Although I spend a fair amount of time at client offices across the UK with individuals and teams, I’ve now been primarily working from home in South Manchester for twelve months. I have a work space which doubles as a spare bedroom. I have all the requirements of an office space; desk, power, wifi, tea making fascillities, but there is something missing when you work from home the majority of the week, human contact.
Working from home can be lonely. Yes, you’re answering emails to other people and you have phone or video calls to make. You might even see the postman more often. But what you don’t have, and many of us need, is face-to-face human contact.
Just being in the same space as others, even if you’re focused on completely different tasks is enough to support mental health and general wellbeing.
It’s why people work in coffee shops and bars, hot-desking spaces and hotel foyers. Many could easily stay in their rooms, or at home, but many who do will feel a growing desire to be somewhere they can see, and interact with other humans.
I’ve worked at home for long enough now to know that it works for me in the short term, but I can’t maintain the focus and feeling of success for more than a couple of days without needing to have a face-to-face conversation or some human interaction.
Thanks to new roles I’ve taken on recently (more on that soon), and previous relationships I already had in place, I’ve been lucky enough to have a desk at The Co-operatives Federation allocated to me.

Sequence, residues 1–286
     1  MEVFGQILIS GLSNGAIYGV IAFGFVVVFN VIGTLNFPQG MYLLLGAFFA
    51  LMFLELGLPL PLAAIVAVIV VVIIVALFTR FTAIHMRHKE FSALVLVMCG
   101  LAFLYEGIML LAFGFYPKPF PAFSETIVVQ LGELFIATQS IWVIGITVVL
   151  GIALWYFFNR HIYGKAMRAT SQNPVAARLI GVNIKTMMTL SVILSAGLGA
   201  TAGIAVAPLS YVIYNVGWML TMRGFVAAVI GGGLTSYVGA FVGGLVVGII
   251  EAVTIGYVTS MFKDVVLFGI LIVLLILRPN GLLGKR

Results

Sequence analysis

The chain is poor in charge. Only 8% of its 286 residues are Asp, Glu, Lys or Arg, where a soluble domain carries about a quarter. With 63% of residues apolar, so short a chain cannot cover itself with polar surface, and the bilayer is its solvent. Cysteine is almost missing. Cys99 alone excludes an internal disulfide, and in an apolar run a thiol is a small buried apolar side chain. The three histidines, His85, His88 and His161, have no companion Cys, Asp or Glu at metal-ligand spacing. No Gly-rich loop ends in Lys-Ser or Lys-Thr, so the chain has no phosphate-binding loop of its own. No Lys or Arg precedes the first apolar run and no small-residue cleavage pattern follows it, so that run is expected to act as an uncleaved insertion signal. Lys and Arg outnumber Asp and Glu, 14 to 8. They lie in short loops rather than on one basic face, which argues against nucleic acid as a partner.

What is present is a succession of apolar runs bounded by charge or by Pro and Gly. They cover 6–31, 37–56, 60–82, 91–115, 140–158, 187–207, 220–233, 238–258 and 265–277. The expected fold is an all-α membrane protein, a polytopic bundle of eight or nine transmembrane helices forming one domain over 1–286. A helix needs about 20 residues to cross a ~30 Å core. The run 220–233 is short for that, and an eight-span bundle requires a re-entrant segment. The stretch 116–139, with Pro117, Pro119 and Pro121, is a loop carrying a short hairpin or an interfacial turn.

The Federation is a large building in Manchester City Center, and one of the six floors is dedicated to perminent and hotdesk residents. They have access to the usually shared working space features, such as printing, kitchen, bike storage, showers wifi, etc. Thanks to the pledge everybody agrees to take when joining, and the desire for the residents to be making a difference in the world, they are also very similar in their outlook on life.
It’s great to be part of a community where the residents are broad in their backgrounds, businesses, needs and stage of growth, but without exception are approachable, supportive and open minded.
Although I won’t be at The Federation every day, it’s great to be able to cycling the four miles into the city centre, make a brew, say hello to some familiar faces and do a full day of focused work surrounded by others who are doing the same.
There is a secondary benefit to working at The Federation; an unavoidable break between work life and home life while I commute between the two.
As anybody who works in their house and only has the time it takes to walk down the stairs to defrag and switch modes between their work and their family will know, it can be very helpful to be more punctuated about that change.
I’ve previously used a short walk around the block, or nipping to the shops to help with the change, but more often than not I would take my work brain to the dining table, and nobody benefits from that.
So The Federation is a great option for me. I was in the building at least once a week anyway for an event, or to record the Tech for Good Live podcast, so making it official and seeing work and home as separate again, at least most of the time, can only be beneficial.
Do you work from home? How do you deal with lack of human interaction? What about the separation of work and home life? I’d love to hear your thoughts on Twitter.